Wills, Trusts & Estates Prof Blog

Editor: Gerry W. Beyer
Texas Tech Univ. School of Law

Friday, June 19, 2020

Article on Bringing the Dead Back to Life: Preparing the Estate for a Post-Mortem Acting Role

Ben Laney recently published an Article entitled, Bringing the Dead Back to Life: Preparing the Estate for a Post-Mortem Acting RoleWills, Trusts, & Estates Law eJournal (2020). Provided below is the abstract to the Article: Unknown

Computer generated imagery (CGI) now has the ability to accurately recreate deceased actors and actresses for movie roles long after their death. This student comment examines how the right to publicity gives an actor the ability to protect their postmortem persona rights beyond their death using estate planning techniques.

June 19, 2020 in Articles, Estate Planning - Generally, Technology | Permalink | Comments (0)

Monday, June 15, 2020

Best Practice Considerations for Virtual Execution of Estate Planning Documents

6a01bb07f6b79e970d01b7c7794534970bMarissa German and Barbara Kimmitt, attorneys for the Canadian legal practice of Bennett Jones LLP, recently wrote about the considerations that you should take when virtually executing estate planning documents. 

Due to the COVID-19 pandemic, a Ministerial Order (M.O.) was signed in Canada which modifies current legislation on a temporary basis to allow for virtual witnessing of Wills, Enduring Powers of Attorney and Personal Directives (Estate Planning Documents). The modification was made with the public interest in mind since some people cannot leave their homes due to health concerns. 

The M.O. specifies two requirements for the virtual execution of Estate Planning Documents:

  1. The persons must be connected to each other by an electronic method of communication in which they are able to see, hear and communicate to each other in real time; and 
  2. A lawyer must be providing the maker/donor/testator of the document with legal advice and services respecting the making, signing and witnessing of the Estate Planning Document.

As of now, the M.O. does not expressly allow for the execution of Estate Planning Documents in counterpart, but attorneys are working for legislation to obtain it; this would make virtual execution of Estate Planning Documents less cumbersome. 

German and Kimmitt also provided a in-depth list of the best practices for Lawyers who are assisting clients in the execution of Estate Planning Documents using video conferencing may wish incorporate the following best practices.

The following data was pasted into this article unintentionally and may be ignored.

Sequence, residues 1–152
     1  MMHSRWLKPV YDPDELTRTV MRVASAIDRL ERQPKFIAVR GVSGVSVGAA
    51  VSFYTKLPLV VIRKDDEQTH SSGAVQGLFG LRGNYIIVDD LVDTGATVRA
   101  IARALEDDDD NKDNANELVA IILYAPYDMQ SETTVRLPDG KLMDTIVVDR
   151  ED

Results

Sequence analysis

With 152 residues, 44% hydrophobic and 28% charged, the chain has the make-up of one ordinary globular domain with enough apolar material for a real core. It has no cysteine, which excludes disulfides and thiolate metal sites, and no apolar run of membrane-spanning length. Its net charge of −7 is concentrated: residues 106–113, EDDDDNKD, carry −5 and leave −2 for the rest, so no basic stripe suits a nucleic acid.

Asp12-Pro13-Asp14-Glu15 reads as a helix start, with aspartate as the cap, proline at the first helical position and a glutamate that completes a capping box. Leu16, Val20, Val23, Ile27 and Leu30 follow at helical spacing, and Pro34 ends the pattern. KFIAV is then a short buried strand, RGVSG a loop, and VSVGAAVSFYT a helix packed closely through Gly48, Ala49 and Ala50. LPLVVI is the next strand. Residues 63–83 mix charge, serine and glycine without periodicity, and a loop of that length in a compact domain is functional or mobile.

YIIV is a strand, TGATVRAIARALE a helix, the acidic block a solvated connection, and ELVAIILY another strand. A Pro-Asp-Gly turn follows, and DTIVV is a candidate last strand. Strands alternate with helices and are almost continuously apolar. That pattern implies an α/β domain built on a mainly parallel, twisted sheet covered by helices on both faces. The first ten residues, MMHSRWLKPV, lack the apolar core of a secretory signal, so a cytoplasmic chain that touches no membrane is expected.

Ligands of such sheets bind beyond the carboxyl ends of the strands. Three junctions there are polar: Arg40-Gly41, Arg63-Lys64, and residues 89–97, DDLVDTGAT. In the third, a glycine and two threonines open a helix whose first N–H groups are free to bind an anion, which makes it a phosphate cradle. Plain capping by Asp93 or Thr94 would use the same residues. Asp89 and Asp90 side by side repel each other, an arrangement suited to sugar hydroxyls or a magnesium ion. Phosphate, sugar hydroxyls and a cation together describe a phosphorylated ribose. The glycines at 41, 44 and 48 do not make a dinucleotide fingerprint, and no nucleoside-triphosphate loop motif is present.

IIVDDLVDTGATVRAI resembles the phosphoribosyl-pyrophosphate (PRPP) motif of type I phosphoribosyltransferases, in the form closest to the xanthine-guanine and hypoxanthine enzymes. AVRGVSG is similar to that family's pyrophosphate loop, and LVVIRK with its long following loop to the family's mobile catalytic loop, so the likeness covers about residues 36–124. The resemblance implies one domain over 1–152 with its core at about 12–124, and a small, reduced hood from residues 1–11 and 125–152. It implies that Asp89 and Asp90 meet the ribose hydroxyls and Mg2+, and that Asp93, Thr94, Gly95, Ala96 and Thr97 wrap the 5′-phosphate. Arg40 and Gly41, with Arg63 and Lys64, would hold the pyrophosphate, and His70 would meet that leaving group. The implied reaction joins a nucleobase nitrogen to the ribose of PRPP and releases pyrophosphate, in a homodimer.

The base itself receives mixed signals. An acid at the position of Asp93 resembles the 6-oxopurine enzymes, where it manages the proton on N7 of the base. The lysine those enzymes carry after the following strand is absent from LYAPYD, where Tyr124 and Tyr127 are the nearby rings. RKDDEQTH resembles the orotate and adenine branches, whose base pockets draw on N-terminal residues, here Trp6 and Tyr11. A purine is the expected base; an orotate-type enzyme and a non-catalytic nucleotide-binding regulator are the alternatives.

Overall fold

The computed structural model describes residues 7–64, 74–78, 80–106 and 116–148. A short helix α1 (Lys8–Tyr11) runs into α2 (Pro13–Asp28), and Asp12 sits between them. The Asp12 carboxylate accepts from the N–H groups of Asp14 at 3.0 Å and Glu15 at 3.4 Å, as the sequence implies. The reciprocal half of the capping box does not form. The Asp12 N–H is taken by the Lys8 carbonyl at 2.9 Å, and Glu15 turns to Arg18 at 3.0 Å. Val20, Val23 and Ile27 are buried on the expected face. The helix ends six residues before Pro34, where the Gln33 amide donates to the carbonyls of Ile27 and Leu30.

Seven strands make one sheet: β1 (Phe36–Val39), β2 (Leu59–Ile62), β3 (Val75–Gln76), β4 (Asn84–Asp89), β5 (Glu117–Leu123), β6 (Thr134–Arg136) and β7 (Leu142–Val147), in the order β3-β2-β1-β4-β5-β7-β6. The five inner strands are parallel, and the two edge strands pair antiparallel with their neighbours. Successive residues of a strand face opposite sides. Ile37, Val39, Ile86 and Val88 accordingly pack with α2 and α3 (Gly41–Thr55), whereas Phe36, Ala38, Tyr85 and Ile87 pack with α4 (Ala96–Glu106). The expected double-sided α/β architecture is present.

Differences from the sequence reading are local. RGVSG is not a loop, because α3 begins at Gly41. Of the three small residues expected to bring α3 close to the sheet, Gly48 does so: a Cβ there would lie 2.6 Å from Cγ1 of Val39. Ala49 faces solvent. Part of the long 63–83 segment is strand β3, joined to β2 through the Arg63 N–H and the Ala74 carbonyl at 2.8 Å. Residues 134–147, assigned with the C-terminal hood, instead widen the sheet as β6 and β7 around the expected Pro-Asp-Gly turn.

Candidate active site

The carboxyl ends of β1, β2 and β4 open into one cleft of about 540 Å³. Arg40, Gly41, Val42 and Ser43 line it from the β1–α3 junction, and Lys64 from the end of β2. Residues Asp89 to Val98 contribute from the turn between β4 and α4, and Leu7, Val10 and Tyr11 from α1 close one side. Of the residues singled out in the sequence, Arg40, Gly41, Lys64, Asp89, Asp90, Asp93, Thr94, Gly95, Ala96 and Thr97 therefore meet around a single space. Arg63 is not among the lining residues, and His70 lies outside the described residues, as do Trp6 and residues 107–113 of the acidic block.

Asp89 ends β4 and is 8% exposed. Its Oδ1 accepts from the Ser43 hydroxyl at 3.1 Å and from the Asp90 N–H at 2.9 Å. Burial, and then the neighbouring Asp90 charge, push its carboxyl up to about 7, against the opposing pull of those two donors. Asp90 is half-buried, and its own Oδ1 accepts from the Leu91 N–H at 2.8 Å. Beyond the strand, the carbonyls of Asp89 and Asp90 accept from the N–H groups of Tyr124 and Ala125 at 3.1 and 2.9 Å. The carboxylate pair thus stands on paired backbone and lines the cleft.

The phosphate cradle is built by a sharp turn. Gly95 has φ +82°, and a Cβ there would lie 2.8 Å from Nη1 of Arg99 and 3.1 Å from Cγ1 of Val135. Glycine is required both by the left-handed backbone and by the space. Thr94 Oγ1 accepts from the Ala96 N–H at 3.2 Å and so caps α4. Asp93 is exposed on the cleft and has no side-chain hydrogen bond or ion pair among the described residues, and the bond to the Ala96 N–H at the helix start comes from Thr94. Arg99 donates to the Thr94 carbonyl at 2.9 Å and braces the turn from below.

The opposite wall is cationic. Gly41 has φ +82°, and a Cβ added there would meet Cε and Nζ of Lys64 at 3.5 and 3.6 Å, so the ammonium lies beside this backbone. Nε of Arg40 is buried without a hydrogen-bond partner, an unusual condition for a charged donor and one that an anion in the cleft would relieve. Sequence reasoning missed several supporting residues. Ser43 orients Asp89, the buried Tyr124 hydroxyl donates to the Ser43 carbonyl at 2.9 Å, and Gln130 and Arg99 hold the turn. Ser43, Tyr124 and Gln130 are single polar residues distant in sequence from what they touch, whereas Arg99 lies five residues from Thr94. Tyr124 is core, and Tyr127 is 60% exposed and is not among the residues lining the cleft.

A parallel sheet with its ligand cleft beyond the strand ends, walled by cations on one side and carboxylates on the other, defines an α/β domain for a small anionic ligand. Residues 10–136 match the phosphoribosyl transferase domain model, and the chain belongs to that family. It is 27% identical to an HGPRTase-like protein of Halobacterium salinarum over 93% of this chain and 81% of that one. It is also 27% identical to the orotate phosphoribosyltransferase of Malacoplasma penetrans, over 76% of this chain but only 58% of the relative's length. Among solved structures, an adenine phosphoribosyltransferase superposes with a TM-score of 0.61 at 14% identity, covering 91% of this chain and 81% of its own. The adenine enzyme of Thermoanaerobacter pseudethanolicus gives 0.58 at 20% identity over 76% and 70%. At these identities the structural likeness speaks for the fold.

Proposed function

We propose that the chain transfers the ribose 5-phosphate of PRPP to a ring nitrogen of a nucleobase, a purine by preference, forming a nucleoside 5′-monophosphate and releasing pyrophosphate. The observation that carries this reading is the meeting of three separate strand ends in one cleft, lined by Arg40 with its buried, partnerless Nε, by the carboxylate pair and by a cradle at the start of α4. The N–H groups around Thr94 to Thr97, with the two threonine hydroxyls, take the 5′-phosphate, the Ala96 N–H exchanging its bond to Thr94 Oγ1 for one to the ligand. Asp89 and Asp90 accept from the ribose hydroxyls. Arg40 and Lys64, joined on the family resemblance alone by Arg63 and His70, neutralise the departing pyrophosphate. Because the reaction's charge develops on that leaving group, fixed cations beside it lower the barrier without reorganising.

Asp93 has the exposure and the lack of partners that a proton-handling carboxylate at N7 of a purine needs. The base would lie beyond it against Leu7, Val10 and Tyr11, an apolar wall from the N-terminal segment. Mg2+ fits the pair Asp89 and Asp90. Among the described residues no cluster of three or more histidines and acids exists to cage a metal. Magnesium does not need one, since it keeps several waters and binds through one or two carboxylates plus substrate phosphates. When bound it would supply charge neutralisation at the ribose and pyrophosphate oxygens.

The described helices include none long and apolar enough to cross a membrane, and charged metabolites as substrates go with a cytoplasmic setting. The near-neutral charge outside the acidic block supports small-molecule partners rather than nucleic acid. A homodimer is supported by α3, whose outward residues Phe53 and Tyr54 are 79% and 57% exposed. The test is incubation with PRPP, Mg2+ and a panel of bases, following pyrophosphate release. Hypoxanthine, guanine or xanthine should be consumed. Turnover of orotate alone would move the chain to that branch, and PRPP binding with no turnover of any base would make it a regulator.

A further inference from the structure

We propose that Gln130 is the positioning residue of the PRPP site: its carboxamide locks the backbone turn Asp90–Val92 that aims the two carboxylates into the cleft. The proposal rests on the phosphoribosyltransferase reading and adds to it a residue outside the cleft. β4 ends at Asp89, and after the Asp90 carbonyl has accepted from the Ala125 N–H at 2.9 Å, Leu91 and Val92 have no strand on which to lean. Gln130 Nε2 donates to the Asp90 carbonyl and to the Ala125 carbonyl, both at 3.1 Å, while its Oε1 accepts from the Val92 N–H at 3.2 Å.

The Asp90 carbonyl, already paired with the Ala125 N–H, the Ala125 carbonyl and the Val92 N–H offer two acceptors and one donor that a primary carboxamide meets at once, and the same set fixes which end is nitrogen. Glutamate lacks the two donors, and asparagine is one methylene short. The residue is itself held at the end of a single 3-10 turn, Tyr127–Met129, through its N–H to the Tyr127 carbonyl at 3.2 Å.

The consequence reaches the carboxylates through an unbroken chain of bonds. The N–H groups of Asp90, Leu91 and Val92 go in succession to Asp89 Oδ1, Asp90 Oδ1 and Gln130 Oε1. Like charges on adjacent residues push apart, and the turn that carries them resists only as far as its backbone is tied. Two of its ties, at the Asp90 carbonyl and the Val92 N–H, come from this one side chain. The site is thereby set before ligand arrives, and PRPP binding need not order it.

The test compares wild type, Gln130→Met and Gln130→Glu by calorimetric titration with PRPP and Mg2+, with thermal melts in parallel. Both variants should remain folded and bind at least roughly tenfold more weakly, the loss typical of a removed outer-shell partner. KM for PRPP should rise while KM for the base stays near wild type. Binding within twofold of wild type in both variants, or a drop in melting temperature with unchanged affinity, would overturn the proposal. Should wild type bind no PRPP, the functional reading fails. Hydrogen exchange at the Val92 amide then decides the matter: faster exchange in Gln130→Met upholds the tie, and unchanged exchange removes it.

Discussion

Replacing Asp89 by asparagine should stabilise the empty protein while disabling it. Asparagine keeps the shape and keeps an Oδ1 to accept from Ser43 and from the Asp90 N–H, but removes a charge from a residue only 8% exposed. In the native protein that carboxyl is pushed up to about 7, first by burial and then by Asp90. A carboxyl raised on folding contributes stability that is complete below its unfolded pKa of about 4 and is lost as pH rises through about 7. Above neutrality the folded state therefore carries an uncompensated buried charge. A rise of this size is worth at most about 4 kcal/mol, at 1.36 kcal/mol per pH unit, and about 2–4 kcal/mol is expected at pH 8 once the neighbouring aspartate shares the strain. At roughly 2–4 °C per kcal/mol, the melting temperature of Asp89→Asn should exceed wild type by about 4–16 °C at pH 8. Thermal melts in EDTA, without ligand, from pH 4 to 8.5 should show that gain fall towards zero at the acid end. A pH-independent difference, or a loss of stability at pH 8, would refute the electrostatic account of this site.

See Marissa German & Barbara Kimmitt, Best Practice Considerations for Virtual Execution of Estate Planning Documents, Bennett Jones LLP, June 10, 2020. 

Special thanks to Jim Hillhouse (Professional Legal Marketing (PLM, Inc.)) for bringing this article to my attention.

June 15, 2020 in Current Events, Estate Planning - Generally, Technology | Permalink | Comments (0)

Thursday, June 11, 2020

Understanding Digital Assets And Their Importance In Your Estate Planning

Digital-Assets-ImageAlthough most people may think of houses, businesses, or other ordinary finances when thinking about assets, since so many area of our lives have transferred to the digital realm, digital assets have become an integral part of the estate planning process.

Digital assets are any online record that a person owns. These online records could contain anything from a blog on cooking to an online rewards program. Failure to maintain and protect your digital assets can lead to serious consequences, especially for industry leaders that use digital accounts as a revenue stream. 

These digital assets may be financial accounts, online reward programs. electronic communication, or digital collections. Despite the the prevalent use and exchange of online data, many people neglect to include their digital assets in their estate plans. If you are one of these people that forgets to include your digital assets, your family members or loved ones may be unable to access your online accounts even if it is just to pay bills. 

In order to prevent this from happening you should make a list of your online accounts and be sure to include them in your estate plans.

See Russel Morgan, Understanding Digital Assets and Their Importance in Your Estate Planning, Forbes, June 8, 2020.

Special thanks to Jim Hillhouse (Professional Legal Marketing (PLM, Inc.)) for bringing this article to my attention.

June 11, 2020 in Estate Planning - Generally, Technology, Web/Tech | Permalink | Comments (0)

Wednesday, June 10, 2020

Did Mom Take Her Medicine? Keeping Eyes on Elders in Quarantine

03Retiring-illo-superJumboTechnology can help families monitor the health and safety of older people kept from their families due to the coronavirus. Norman Potter's mother, Dorothy, suffers from a chronic pulmonary illness and lives alone in Newland, N.C., two hours from Norman. 

Dorothy, 90, refuses to move closer to her son or daughter as she and her seven siblings were raised in Newland and she loves her house, church, and small group of friends. Norman said that his mother is fiercely independent. When the coronavirus struck, Norman installed a platform made by GrandCare Systems in his mother's house that allows her to chat with her grandchildren, and more importantly, has a motion sensor and two vital sign devices. 

Norman said that the technology gave him a sense of peace, since he did not want to be a risk to his mother by checking in on her in person.